The Insurance Regulatory and Development Authority (IRDA) can be the watchdog of the insurance sector in India. The primary aim of the IRDA is to secure the interests of the policyholders. Since IRDA is the statutory body, it can introduce new rules and regulations to enhance the progress of an insurance product, which can eventually lead to the development of the insurance industry in India.
A Unit Linked Insurance Plan (ULIP) can be a combination of investment and insurance, which might have been a part of the insurance industry for a long time now. However, ever since it has introduced in the market, a ULIP plan has been criticised, which decreased its sales in the market. For the growth and awareness of the ULIP plan, the IRDA stepped in and made drastic changes in its financial structure. After IRDA announced the new regulations, the ULIP investment has changed drastically as well as accepted significantly in the market.
Before you pick a ULIP plan, let’s understand the changes made in ULIPs and how they can affect you after the purchase:
- Minimal waiting period
Initially, the waiting period of a ULIP policy was three years, which indicates that you could not surrender your ULIP policy before the completion of three years. Today, you can surrender the ULIP policy after two years as per the new IRDA rules. The shorter waiting period can enable you to withdraw your funds during an unannounced emergency within the family. Although the minimal waiting period can be beneficial, you should ensure your financial goals are met before the completion of two years.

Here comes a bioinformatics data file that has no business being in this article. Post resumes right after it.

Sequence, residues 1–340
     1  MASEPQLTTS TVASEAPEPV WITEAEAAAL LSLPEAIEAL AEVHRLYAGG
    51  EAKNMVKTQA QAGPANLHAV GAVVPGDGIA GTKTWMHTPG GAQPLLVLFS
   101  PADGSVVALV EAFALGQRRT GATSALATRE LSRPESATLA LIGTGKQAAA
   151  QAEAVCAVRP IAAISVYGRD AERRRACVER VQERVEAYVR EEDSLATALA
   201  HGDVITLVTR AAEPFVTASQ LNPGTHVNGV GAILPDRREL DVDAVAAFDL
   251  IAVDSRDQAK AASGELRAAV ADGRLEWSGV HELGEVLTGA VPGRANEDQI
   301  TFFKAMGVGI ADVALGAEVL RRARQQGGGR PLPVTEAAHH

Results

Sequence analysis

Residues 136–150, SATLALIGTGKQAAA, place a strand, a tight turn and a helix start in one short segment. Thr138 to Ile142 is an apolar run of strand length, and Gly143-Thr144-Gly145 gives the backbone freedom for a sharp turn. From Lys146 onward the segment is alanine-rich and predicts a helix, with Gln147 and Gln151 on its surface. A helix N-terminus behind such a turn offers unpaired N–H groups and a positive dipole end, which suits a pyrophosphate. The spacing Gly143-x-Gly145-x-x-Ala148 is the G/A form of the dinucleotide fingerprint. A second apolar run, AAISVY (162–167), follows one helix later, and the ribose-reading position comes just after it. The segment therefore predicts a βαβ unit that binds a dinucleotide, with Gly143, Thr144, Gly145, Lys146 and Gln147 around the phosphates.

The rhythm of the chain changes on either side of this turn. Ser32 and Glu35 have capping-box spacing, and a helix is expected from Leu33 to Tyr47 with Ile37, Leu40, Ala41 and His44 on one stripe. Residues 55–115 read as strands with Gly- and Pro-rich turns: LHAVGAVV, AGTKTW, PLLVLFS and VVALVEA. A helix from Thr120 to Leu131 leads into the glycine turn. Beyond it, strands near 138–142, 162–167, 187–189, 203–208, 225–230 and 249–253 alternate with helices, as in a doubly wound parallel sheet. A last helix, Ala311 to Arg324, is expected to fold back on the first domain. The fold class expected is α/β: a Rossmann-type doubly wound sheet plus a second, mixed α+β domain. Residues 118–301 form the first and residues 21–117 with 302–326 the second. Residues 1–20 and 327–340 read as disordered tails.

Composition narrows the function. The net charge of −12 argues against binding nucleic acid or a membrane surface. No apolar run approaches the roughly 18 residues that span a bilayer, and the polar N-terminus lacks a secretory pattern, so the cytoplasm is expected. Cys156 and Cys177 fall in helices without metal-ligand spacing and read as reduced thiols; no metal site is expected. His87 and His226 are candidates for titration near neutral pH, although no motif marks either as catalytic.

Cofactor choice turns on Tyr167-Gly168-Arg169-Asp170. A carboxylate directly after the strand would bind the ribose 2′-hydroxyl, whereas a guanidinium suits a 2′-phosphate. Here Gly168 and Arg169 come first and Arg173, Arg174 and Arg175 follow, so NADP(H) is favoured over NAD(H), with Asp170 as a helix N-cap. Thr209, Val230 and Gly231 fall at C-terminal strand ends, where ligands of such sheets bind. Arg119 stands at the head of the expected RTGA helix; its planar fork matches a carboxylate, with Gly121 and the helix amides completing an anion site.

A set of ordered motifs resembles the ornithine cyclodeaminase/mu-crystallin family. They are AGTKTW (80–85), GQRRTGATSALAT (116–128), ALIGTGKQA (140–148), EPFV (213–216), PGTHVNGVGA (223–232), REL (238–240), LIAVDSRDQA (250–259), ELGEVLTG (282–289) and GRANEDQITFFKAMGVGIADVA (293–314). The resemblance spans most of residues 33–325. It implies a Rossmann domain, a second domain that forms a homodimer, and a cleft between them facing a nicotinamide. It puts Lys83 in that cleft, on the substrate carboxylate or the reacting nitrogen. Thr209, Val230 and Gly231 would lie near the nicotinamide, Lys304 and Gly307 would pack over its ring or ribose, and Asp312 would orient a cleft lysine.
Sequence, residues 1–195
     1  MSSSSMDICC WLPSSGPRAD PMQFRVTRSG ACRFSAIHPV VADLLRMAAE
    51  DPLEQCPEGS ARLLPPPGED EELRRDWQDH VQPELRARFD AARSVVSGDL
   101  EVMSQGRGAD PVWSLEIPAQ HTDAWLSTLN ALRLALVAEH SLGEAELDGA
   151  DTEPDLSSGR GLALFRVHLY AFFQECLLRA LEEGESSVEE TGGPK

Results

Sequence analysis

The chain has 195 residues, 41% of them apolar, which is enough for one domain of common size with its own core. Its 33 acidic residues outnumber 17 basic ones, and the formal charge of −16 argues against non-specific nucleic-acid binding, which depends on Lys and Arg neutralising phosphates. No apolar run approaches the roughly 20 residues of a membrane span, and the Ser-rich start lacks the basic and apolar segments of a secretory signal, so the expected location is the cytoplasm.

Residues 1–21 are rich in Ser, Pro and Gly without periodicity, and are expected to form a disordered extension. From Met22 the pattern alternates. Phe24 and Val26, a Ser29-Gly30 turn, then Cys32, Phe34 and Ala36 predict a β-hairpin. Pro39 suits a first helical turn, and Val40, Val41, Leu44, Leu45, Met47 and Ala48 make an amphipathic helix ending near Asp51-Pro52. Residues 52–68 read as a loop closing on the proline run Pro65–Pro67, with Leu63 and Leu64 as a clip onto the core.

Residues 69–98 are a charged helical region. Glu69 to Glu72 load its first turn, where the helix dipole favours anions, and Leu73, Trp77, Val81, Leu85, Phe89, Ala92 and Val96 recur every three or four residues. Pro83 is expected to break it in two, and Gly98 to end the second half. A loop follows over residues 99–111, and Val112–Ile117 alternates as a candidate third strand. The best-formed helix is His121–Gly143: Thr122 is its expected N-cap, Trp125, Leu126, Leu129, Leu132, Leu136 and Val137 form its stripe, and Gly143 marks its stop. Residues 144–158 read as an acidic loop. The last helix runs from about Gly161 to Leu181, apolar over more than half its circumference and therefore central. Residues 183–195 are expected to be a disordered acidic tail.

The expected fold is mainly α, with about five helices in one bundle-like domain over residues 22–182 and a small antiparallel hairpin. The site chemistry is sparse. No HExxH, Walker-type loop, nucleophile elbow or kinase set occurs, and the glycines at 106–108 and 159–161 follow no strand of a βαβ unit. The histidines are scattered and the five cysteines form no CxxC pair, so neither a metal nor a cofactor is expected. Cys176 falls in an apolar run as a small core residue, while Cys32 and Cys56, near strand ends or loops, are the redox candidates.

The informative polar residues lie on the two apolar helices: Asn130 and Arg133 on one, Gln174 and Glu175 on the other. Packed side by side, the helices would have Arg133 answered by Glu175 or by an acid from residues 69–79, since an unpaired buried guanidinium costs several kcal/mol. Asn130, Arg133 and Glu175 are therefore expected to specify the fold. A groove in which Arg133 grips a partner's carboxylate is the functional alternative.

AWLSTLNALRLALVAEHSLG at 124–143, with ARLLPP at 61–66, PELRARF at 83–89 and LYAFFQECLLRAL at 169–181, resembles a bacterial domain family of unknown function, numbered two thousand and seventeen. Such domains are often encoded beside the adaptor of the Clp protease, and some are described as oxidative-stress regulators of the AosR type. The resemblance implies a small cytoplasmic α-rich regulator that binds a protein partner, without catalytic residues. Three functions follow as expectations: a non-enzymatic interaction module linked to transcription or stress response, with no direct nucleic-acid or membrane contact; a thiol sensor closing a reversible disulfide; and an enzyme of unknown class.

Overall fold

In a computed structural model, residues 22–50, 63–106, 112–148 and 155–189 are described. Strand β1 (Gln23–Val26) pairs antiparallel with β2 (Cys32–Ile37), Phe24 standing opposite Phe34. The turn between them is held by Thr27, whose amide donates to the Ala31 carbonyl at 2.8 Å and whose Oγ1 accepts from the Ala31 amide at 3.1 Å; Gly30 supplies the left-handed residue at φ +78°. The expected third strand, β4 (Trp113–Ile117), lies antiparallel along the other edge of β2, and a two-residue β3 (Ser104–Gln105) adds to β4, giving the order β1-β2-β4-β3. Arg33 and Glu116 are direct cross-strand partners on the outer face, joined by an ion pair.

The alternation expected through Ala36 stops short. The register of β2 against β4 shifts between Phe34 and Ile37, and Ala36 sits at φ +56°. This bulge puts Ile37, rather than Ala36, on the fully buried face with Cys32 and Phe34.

- Low coverage amount
Before the introduction of new regulations, the minimum coverage amount was 10 times of the annual premium until 45 years. Today, the ULIP plan can offer a minimum coverage value, which is seven times the annual premium across all the age groups for a limited and regular premium payment plan. However, the minimum coverage amount for single premium policies can continue to remain 1.25 times of the single premium.
- High renewal period
The renewal period is usually the time within which you can revive your lapsed ULIP policy. A ULIP plan usually lapses when you fail to pay the premium even after the issue of the grace period of 30 days. When your policy lapses, you no longer hold the possession of the ULIP benefits. Therefore, you should revive the ULIP policy within the time frame of two years, which was the initial renewal period. Today, the renewal period of a ULIP policy has been extended up to five years from the date of unpaid premiums.
- Reduction in premium
Under ULIPs, you should pay the premiums regularly in return for the coverage. Since a ULIP policy has a lock-in period of five years, you should continue to pay the premiums throughout the policy to reap the benefits. However, there can be circumstances like the loss of income, physical disability, or critical illness, which can make it difficult for you to pay the premium on time. Failure to pay the premium would lead to the lapse of the ULIP policy, which can result in financial losses. To avoid the termination of the ULIP policy, the IRDA has eased the premium payment. After the new rules, you can reduce your premium by 50% after the completion of five years. That way, you can pay a low premium while you get to stay covered for a longer duration.
As highlighted above, these simplified guidelines can help a ULIP product to penetrate in the insurance market at a larger scale. Along with these changes, the IRDA has also asked the insurance companies to keep you well-informed about a ULIP policy. Therefore, you might receive a ‘benefit illustration’ from your insurers that highlights the revised ULIP charges, benefits, and features. Go through the policy document and the benefit illustration carefully and consult a professional in the case of any doubts.